When U.S. President Barack Obama announced his Precision Medicine Initiative in 2015, he called it health care tailored to the individual, an effort to revolutionize how we improve health and treat disease.
Precision Medicine was declared an innovative approach that takes into account individual differences in people’s genes, environments, and lifestyles. It gives medical professionals new resources to target specific treatments of specific illnesses.
It’s an innovative approach to health care that the Mayo Clinic Center for Individualized Medicine has been taking since it opened its doors in 2012. We also like to think it’s really just a return to the roots of medicine — only using the latest tools and technology available today.
Hippocrates Practiced Precision Medicine
Personalized, evidence-based medicine has been the goal of physicians ever since Hippocrates declared nearly 2,400 years ago that diseases should no longer be attributed to the influence of superstitions and supernatural forces. The founder of modern western medicine, however, didn’t have many diagnostic tools to work with in ancient Greece, just the four humors — black bile, yellow bile, phlegm and blood — to determine the best treatment for a patient.
Today, personalized medicine has remained the goal of every physician treating each individual patient. The diagnostic tools have changed. Hippocrates’s four humors have been replaced with, among other tools, the four chemical building blocks that comprise DNA to transform the value of medical care delivered to specific individuals.
This is called genomics, an emerging medical discipline that involves advancing human health through genomic research. Genomics — a discipline in genetics that applies recombinant DNA, DNA sequencing methods, and bioinformatics to sequence, assemble, and analyze the function and structure of genomes (the complete set of DNA within a single cell of an organism) — is the foundation of the president’s Precision Medicine Initiative, and a large component of the recently announced “Cancer Moonshot.”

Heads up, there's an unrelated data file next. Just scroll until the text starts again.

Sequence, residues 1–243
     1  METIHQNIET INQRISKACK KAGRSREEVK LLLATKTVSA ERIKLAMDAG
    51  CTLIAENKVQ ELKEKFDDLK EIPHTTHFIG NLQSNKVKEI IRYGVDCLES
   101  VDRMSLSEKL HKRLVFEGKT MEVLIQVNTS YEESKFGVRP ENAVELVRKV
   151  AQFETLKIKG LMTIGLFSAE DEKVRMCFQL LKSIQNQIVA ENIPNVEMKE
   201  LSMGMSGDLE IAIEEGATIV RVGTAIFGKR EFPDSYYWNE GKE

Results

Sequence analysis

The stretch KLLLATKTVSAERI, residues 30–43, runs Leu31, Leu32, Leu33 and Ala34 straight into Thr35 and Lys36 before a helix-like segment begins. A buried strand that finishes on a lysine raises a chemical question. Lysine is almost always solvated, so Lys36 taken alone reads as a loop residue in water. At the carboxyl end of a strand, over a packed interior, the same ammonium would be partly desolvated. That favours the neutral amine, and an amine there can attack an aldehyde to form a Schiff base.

Laboratory to Clinic
Since the completion of the Human Genome Project in 2003, much has been made of the term “precision medicine,” often called “individualized medicine,” and its promise to revolutionize medicine. A simplistic, overhyped view of the promises of genomics led to unrealistic expectations.
No immediate cures for cancer were announced; Alzheimer’s disease didn’t disappear. People lost interest. But the scientists were slowly building evidence one research project at a time, one discovery after another, all leading to this transformative change in how health care was delivered.
Insights into human biology flowed almost immediately from the genome. Translation from medical science into clinical practice has taken longer. In the past decade, genomics has slowly moved out of the laboratory and into the clinic, giving physicians more precision in disease diagnosis and treatment. Now the double helix of DNA is emerging as a valuable tool in the day-to-day practice of health care professionals.
The cost and time to sequence the genome have dropped precipitously because of next-generation sequencing, bioinformatics’ capacity to capture and store big data, and wide-spread adoption of electronic health records (EHRs).
Genomics will not simplify care, but it — in addition to family history, lifestyle, and environmental factors — allows physicians to continually customize a patient’s health management. Personal, customized medicine for each patient was, after all, what drove Hippocrates so many millennia ago. And every physician since. Precision medicine is coming of age.
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This is the first installment of a three-part series on What Is Precision Medicine, another of the Center for Individualized Medicine's attempt to explain and introduce precision medicine to an audience that may just be coming to the topic. Part two will explore "Benefits of Mapping the Human Genome," and part three will look at "Cost and Time No Longer Barriers to Sequencing."